Air Force General John Hyten, said, during a visit to Canada, that he would have to think very seriously about how he would act if faced with such an order.
General Hyten told the Halifax International Security Council: "If it's illegal, guess what's going to happen?"
During testimony before the Foreign Relations Committee earlier this month, retired General Robert Kehler who served as the head of Strategic Command from January 2011 to November 2013, also said that the United States armed forces were obligated to follow legal orders, not illegal ones. "He's going to say, 'What would be legal?'" Hyten said. We think about these things a lot.
Hyten's remarks come after both speculation about the president's mental state and the ongoing possibility of some kind of nuclear exchange between the USA and North Korea, which has already developed nuclear weapons but is still developing longer-range missiles to launch them on. As head of STRATCOM, Hyten is responsible for overseeing the US nuclear arsenal. When you have this responsibility, how do you not think about it?'
"If you execute an unlawful order, you will go to jail", he said. "It's not that complicated", Hyten said, as quoted by the CBS News broadcaster. "You could go to jail for the rest of your life", Hyten said.
Hyten told the Halifax International Security Forum on Saturday that he and Trump have discussed what would happen if the president ordered a nuclear strike he believed to be unlawful under international law.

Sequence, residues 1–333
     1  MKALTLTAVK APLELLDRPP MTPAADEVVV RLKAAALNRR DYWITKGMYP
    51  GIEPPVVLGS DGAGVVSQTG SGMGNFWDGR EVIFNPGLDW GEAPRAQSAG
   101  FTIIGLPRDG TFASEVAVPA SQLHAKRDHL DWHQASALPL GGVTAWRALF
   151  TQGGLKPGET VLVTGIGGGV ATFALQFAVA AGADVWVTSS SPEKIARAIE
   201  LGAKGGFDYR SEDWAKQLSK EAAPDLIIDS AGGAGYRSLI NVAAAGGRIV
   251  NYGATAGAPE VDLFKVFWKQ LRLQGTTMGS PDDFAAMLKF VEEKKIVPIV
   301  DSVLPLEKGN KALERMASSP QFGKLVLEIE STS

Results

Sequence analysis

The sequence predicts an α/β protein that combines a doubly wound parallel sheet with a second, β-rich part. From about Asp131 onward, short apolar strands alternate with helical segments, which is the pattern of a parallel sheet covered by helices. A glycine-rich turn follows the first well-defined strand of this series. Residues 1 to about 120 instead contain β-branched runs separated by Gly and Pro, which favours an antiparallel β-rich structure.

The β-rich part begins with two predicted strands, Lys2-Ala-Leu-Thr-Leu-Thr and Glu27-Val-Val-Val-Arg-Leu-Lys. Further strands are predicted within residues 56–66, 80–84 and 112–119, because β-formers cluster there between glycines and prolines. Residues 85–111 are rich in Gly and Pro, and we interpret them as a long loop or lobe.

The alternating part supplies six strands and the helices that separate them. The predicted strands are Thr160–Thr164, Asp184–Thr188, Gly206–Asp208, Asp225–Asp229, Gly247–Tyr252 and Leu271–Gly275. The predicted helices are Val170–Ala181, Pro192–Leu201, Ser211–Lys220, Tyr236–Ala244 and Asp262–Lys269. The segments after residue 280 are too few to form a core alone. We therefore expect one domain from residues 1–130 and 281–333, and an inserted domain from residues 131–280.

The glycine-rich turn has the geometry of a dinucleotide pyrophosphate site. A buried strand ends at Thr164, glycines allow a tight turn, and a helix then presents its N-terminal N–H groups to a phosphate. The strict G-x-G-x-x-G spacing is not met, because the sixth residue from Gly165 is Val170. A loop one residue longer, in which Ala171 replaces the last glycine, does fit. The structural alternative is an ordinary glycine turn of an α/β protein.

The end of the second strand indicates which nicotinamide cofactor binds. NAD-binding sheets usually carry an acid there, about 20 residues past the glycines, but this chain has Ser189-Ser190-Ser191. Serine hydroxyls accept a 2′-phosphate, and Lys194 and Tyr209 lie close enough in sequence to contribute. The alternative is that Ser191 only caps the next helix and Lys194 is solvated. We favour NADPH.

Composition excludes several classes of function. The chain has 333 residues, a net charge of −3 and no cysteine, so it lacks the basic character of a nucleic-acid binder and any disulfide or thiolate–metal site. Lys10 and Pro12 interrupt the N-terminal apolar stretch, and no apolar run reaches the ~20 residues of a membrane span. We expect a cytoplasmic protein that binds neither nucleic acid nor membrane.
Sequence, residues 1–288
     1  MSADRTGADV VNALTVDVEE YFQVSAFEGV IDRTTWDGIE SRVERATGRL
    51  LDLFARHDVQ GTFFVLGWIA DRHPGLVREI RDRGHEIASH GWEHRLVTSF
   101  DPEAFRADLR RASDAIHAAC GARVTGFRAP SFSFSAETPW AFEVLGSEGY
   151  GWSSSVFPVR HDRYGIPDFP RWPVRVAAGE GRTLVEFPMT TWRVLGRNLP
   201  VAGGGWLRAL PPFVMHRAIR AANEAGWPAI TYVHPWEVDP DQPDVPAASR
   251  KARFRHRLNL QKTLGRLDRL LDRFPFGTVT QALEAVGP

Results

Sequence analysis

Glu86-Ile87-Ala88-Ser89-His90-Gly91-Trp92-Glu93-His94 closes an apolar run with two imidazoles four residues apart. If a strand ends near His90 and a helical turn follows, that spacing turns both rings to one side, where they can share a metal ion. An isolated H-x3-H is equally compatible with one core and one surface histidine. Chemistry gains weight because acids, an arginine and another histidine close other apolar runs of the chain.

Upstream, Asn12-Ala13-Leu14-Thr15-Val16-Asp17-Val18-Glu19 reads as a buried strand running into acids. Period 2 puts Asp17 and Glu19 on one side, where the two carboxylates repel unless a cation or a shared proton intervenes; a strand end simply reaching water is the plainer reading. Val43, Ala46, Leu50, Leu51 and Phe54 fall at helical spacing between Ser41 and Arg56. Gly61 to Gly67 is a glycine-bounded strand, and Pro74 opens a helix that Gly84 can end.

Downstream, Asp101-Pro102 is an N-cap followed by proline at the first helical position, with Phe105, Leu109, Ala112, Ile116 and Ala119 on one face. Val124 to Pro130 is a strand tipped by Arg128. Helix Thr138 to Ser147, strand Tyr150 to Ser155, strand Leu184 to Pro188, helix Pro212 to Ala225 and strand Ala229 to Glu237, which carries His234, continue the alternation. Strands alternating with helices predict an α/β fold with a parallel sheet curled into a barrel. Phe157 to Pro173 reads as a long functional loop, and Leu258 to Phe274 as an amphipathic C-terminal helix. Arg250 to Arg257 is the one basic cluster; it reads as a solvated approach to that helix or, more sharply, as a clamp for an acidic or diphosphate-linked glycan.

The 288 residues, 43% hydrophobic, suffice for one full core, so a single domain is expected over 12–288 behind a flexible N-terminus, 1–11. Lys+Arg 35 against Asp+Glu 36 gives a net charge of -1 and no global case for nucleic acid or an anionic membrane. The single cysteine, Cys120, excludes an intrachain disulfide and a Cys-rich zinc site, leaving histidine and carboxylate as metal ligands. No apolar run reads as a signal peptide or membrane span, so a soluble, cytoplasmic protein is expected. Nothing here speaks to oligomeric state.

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The comments came after U.S. senators questioned what authority Trump had to go to war, use nuclear weapons and enter into or terminate global agreements, as tensions over North Korea's nuclear and missile programs grows.
Kim Jong Un has repeatedly ignored warnings to cease nuclear tests, prompting Mr Trump to claim the USA could "totally destroy" North Korea. Ed Markey, D-Massachusetts, said Mr. Trump "can launch nuclear codes just as easily as he can use his Twitter account".
'We are ready every minute of every day to respond to any event that comes out of North Korea, ' he said on Saturday.
Following his threat, the US Senate raised fears on Trump's ability to authorise a nuclear strike, as he has the power to do so when he pleases. "That's the element of deterrence that has to be clear, and it is clear", Hyten said.
He also explained that handling such a delicate and unpredictable situation - like Kim Jong Un's leadership - needs to be an global effort. Mr. Trump has continued to put pressure on China to help manage its tempestuous neighbor.
Hyten said he and Trump would work to find another course of action. While Hyten is correct that he and other senior defense officials would have the opportunity to consult on any launch if the president followed protocol, per Slate, the actual formal chain of command for nuclear launches is direct from the president to a one-star general at the National Military Command Center.